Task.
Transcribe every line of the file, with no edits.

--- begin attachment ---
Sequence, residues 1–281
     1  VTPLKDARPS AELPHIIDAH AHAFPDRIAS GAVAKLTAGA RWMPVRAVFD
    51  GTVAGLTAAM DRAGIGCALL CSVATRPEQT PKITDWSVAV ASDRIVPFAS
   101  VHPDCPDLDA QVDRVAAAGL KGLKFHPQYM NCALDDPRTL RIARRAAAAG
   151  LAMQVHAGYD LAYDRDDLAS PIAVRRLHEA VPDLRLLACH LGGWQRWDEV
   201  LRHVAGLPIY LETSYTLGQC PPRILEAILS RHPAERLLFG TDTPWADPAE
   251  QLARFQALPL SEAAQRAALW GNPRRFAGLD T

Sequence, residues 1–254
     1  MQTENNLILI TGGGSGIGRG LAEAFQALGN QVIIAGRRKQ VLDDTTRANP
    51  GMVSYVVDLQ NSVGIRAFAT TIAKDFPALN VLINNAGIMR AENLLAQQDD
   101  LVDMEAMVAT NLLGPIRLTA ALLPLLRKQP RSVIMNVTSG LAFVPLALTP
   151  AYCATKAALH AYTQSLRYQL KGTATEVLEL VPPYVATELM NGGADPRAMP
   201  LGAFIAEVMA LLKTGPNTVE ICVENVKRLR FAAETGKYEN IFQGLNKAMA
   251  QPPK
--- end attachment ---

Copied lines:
Sequence, residues 1–281
     1  VTPLKDARPS AELPHIIDAH AHAFPDRIAS GAVAKLTAGA RWMPVRAVFD
    51  GTVAGLTAAM DRAGIGCALL CSVATRPEQT PKITDWSVAV ASDRIVPFAS
   101  VHPDCPDLDA QVDRVAAAGL KGLKFHPQYM NCALDDPRTL RIARRAAAAG
   151  LAMQVHAGYD LAYDRDDLAS PIAVRRLHEA VPDLRLLACH LGGWQRWDEV
   201  LRHVAGLPIY LETSYTLGQC PPRILEAILS RHPAERLLFG TDTPWADPAE
   251  QLARFQALPL SEAAQRAALW GNPRRFAGLD T

Sequence, residues 1–254
     1  MQTENNLILI TGGGSGIGRG LAEAFQALGN QVIIAGRRKQ VLDDTTRANP
    51  GMVSYVVDLQ NSVGIRAFAT TIAKDFPALN VLINNAGIMR AENLLAQQDD
   101  LVDMEAMVAT NLLGPIRLTA ALLPLLRKQP RSVIMNVTSG LAFVPLALTP
   151  AYCATKAALH AYTQSLRYQL KGTATEVLEL VPPYVATELM NGGADPRAMP
   201  LGAFIAEVMA LLKTGPNTVE ICVENVKRLR FAAETGKYEN IFQGLNKAMA
   251  QPPK